Boy by Roald Dahl

Amidst reading books on tragic everyday day themes, it’s healthy to spare a few moments to read a light hearted classic from childhood and what better way to cure nostalgia and a longing for beauty than to delve in some good old Roald Dahl (the editions illustrated by Quentin Blake only!)

This autobiography is nothing short of magical and as appealing to my twenty-four year old sensibilities as it was to me eleven years ago. Dahl takes us to Norway’s fjord, then traverses to England and lastly, albeit briefly, to Africa. We stop by at his house, are introduced to his vast family and with them we take vacations off to Norway on the family boat.

Later we are tormented by the English masters at one of many Dahl’s institutions, the swish of a cane on our beloved writers’ buttocks as a child were painful to read and so was the account on bullying by Boazers. 6122792

The old photographs accompanying the text add a touch of familiarity to the book. I found myself constantly zooming in on them, trying to identify Roald Dahl in a group of students, or deciphering his letters to Mama.

It was a quick and much cherished stroll down memory lane with Mr. Dahl at my side.

  • If my grandfather had been alive today he would have been one hundred and sixty-four years old. My father would have been one hundred and twenty-one. Both my father and my grandfather were late starters so far as children were concerned.
  • I was in the La Rochelle house a couple of years ago and it really is something. The furniture alone should be in a museum.
  • Being a fellow who knew a good thing when he saw one, he proposed to her within a week and married her soon after that.
  • His theory was that if the eye of a pregnant woman was constantly observing the beauty of nature, this beauty would somehow become transmitted to the mind of the unborn baby within her womb and that baby would grow up to be a lover of beautiful things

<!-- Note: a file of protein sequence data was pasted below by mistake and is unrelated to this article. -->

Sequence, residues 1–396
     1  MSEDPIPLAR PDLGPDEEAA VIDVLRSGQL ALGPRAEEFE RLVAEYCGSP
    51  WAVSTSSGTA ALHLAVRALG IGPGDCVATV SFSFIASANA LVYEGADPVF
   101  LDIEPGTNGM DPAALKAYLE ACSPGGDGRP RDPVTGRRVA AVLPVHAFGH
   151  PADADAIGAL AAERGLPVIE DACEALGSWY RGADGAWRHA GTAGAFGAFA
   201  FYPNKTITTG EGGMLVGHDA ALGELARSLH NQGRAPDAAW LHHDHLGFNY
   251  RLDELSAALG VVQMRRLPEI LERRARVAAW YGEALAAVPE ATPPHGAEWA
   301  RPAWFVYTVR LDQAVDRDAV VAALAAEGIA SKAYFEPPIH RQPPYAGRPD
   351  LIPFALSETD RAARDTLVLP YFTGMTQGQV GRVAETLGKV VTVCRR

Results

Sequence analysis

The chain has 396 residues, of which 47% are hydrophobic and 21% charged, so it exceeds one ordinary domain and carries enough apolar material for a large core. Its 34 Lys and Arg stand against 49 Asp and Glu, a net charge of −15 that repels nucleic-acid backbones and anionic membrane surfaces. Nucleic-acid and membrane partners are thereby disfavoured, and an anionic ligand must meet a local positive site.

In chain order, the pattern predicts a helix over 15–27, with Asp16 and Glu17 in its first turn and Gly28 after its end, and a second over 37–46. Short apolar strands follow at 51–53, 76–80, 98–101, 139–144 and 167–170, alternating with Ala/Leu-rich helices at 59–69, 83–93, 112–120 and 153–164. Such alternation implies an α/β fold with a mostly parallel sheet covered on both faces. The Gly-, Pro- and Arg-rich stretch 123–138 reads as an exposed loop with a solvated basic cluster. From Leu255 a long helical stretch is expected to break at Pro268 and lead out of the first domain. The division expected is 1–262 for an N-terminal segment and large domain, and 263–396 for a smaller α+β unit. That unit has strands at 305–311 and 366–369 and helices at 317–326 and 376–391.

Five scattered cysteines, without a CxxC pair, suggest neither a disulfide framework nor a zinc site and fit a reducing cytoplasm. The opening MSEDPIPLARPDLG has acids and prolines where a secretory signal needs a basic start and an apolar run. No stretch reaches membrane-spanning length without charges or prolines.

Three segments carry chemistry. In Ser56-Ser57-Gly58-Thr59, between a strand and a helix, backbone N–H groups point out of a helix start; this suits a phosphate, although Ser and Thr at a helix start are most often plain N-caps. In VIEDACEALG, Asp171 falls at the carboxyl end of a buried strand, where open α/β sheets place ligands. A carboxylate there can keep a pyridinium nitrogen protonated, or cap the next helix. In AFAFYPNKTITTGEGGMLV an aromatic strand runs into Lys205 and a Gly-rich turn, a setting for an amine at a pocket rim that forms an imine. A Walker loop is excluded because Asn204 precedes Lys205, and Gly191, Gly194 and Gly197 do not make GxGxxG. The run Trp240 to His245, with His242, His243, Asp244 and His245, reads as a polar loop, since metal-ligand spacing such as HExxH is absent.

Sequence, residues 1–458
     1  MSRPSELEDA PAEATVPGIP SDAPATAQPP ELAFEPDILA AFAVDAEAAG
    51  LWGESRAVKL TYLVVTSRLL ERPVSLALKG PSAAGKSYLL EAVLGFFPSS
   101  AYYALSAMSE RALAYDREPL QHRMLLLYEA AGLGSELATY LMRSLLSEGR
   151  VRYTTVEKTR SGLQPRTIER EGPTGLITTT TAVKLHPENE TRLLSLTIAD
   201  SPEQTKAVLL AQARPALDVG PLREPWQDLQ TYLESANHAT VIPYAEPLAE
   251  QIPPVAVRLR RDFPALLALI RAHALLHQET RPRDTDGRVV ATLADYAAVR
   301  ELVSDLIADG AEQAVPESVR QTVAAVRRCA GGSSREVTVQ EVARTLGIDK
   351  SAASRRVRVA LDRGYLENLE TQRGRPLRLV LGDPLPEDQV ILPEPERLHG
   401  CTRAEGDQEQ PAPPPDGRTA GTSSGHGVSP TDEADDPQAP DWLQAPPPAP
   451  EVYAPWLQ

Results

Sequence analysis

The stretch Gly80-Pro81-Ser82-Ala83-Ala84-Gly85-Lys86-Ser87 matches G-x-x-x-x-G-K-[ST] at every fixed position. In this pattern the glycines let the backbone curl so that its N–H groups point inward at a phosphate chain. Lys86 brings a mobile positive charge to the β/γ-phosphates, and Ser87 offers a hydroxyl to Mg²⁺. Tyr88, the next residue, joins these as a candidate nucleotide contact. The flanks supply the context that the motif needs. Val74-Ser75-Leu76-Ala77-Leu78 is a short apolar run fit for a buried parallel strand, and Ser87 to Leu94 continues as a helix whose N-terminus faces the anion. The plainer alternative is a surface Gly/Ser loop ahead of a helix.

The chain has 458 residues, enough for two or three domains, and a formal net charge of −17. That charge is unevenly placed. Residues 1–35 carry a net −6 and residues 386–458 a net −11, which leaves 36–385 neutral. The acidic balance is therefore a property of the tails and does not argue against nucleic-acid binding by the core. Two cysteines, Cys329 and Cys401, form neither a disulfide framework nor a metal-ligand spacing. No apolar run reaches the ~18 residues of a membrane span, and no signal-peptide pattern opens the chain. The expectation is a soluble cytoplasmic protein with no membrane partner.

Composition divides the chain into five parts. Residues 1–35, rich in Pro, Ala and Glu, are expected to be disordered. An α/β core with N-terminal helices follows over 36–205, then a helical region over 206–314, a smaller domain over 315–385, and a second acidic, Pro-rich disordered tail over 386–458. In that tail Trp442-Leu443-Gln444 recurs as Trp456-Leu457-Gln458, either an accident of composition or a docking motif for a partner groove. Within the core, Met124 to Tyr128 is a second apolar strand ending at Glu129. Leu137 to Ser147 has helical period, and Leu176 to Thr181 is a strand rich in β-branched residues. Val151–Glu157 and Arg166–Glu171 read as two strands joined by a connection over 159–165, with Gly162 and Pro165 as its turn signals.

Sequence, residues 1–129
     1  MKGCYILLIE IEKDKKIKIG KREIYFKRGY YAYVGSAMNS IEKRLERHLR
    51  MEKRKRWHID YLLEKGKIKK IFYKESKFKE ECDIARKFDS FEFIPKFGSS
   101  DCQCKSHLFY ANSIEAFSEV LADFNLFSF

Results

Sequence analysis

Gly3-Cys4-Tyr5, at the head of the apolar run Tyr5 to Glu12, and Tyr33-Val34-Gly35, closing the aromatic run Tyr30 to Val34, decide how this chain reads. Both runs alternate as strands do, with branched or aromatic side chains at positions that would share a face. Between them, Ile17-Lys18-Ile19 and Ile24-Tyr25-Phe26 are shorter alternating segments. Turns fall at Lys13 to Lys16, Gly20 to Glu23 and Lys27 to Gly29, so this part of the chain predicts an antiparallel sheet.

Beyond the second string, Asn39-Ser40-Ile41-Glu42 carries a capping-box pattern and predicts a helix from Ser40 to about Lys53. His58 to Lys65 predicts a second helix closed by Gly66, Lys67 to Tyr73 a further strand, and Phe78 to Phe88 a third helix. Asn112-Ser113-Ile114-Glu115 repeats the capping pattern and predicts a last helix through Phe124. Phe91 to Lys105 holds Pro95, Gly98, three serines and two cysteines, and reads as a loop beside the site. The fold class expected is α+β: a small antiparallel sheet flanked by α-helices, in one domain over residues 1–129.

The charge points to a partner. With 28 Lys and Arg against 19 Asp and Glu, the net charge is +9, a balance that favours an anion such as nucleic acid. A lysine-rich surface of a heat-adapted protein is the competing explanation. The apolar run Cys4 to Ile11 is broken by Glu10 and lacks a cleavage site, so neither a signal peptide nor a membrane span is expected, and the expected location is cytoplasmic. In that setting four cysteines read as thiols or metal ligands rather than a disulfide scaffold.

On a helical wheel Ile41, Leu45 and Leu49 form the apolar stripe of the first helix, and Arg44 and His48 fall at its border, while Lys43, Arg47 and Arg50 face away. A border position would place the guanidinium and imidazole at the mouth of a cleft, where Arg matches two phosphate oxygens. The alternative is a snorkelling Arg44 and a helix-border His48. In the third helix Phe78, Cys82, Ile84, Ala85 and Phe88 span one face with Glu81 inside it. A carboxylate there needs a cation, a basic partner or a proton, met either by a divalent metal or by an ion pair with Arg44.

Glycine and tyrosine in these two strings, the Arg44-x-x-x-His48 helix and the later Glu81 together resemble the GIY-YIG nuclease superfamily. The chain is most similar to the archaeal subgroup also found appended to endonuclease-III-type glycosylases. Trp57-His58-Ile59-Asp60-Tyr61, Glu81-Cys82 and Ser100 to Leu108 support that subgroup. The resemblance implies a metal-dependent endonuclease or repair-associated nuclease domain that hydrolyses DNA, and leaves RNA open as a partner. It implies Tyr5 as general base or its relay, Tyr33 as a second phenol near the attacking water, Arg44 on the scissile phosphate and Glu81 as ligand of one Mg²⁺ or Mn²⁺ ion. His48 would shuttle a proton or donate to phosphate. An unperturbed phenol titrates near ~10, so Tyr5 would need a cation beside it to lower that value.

• All grown-ups appear as giants to small children
  • The boat weaves in and out between countless tiny islands, some with small brightly painted wooden houses on them, but many with not a house or a tree on the bare rocks. These
  • An English school in those days was purely a money-making business owned and operated by the Headmaster. It suited him, therefore, to give the boys as little food as possible himself and to encourage the parents in various cunning ways to feed their offspring by parcel-post from home.
  • Nobody had to take a driving-test. You were your own judge of competence, and as soon as you felt you were ready to go, off you jolly well went.
  • The parting in his hair was a white line straight down the middle of the scalp, so straight it could only have been made with a ruler. On either side of the parting you could see the comb tracks running back through the greasy orange hair like little tramlines.
  • Captain Hardcastle was never still. His orange head twitched and jerked perpetually from side to side in the most alarming fashion, and each twitch was accompanied by a little grunt that came out of the nostrils
  • It is worth reminding the reader once again of my age. I was not a self-possessed lad of fourteen. Nor was I twelve or even ten years old. I was nine and a half, and at that age one is ill equipped to tackle a grown-up man with flaming orange hair and a violent temper. One can do little else but stutter.
  • I must have read the entire works of Dickens sitting on that Boazer’s bog during my first winter at Repton.
  • Nowadays you can go anywhere in the world in a few hours and nothing is fabulous any more. But it was a very different matter in 1934
  • A person is a fool to become a writer. His only compensation is absolute freedom. He has no master except his own soul, and that, I am sure, is why he does it.

 

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